State and local governments rely on fees, penalties, surcharges, costs and assessments (“fees”) imposed by the criminal legal system to generate revenue for its operation and other government services. Fees operate as a tax — disproportionately levied on low-income communities and communities of color — and they exist solely for the purpose of raising or recouping money to fund government. Regressive taxation in the form of fees is common throughout the United States. Both state and local governments impose fees on individuals to: access counsel when you are indigent, exercise your right to a jury, be released while awaiting trial, make phone calls from jail or prison, participate in alternatives to incarceration, make payments toward fines and fees and more.
The result of this toxic revenue stream has been increased enforcement, over-criminalization of low-income and communities of color, and egregious collection practices. What’s more: many of these fees have shown to be either uncollectible or not worth the cost of collection. Still, governments rely on them as a source of revenue.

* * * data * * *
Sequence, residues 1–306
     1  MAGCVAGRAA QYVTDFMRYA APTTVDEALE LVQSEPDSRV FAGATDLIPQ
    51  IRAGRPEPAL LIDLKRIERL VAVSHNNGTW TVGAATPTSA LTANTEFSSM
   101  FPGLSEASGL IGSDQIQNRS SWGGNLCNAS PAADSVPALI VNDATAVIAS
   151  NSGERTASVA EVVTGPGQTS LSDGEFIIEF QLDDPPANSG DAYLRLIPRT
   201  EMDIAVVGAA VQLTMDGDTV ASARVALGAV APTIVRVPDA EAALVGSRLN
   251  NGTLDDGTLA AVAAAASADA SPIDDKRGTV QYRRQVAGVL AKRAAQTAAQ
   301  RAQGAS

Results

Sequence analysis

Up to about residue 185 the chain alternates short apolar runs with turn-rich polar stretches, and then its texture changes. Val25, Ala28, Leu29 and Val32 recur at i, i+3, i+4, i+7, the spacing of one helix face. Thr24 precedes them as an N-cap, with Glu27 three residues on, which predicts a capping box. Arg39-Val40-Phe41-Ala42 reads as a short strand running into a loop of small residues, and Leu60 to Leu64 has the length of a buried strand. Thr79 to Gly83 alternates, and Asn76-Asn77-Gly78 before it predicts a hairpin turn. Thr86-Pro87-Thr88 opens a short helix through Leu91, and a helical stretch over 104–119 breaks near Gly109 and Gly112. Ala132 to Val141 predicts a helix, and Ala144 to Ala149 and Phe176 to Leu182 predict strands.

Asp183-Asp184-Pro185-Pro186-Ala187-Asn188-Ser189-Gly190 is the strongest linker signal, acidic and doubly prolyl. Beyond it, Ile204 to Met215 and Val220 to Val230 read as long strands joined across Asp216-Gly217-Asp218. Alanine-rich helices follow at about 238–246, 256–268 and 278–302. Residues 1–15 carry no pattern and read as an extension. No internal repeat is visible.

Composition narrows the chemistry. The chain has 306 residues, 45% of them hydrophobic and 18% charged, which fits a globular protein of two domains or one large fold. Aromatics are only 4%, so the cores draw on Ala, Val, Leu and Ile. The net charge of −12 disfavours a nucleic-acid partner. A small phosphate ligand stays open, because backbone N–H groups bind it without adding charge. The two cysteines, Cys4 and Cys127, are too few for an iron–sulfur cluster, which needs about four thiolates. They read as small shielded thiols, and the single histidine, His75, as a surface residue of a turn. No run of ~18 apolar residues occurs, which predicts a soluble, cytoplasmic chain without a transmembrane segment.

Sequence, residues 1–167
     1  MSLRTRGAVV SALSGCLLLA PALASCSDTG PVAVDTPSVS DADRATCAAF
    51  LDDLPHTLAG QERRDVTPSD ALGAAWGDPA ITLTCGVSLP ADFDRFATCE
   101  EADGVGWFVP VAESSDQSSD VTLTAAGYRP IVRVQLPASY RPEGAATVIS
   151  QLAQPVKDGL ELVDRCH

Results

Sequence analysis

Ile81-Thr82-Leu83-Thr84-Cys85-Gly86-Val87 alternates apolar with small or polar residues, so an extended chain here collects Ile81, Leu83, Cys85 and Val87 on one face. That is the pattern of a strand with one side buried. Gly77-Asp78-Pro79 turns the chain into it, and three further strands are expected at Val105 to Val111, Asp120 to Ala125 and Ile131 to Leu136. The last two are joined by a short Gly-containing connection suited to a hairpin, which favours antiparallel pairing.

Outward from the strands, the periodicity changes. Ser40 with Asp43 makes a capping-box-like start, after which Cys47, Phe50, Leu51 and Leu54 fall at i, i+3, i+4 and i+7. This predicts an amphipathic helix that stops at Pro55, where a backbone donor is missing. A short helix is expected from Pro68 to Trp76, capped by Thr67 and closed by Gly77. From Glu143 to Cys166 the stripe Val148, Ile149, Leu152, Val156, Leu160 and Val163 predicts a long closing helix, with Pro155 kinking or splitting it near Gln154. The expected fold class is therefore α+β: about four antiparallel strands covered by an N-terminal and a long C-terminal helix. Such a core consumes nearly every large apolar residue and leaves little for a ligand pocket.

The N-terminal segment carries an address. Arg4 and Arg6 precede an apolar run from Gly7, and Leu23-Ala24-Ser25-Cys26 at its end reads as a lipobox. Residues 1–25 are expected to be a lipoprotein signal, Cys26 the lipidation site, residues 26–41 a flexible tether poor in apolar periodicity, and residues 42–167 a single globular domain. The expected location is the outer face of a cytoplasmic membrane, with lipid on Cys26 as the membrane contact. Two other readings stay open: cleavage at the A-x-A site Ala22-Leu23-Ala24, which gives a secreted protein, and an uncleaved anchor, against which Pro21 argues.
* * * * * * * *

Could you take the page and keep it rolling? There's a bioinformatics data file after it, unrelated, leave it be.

The only solution is to end the use of fees in the criminal legal system, provide relief for people saddled with debt, and fund governments equitably and reliably. This comprehensive resource provides government leaders and advocates with the information they need to drive reform in their jurisdictions and includes:
- The history and types of fees found in the justice system
- The impact of court fees and court debt on both individuals and governments
- Recommendations for eliminating fees and discharging outstanding debt
- Detailed list of fee elimination reforms and examples of discharged debt at the state and local level
Read and download the complete policy guidance here.